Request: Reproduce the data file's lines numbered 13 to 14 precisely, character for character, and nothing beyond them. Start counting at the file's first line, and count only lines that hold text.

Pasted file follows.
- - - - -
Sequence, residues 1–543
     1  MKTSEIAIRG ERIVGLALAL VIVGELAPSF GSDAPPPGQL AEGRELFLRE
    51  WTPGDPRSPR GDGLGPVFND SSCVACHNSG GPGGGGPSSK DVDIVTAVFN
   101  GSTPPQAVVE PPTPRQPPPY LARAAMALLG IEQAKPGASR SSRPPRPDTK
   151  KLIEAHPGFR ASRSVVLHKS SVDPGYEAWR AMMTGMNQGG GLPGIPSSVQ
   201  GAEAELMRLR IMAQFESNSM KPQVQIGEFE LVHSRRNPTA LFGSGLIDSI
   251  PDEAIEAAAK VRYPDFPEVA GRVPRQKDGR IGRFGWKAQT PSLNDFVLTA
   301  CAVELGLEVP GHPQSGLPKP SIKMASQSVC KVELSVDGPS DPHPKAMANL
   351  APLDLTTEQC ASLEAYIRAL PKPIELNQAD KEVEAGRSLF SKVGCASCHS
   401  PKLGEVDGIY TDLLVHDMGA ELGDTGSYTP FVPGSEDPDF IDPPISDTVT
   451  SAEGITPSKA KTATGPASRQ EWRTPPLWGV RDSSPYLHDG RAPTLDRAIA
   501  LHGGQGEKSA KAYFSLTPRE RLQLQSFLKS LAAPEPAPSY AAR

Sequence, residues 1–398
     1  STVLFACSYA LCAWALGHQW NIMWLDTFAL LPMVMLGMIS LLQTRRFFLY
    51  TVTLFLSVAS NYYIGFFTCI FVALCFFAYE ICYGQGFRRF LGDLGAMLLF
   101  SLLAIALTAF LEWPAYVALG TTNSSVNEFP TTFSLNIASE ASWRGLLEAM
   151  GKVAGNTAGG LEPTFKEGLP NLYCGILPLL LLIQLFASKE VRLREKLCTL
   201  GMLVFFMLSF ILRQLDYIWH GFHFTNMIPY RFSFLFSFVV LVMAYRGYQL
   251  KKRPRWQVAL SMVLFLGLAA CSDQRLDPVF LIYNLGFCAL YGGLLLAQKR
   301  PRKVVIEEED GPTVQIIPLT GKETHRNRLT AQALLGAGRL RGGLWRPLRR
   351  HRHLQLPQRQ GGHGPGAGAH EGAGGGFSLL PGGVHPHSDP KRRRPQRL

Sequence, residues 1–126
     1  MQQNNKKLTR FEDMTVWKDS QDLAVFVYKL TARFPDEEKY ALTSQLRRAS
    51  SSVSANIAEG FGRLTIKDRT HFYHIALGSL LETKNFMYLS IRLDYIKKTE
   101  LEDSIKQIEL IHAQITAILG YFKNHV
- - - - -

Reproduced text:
Sequence, residues 1–398
     1  STVLFACSYA LCAWALGHQW NIMWLDTFAL LPMVMLGMIS LLQTRRFFLY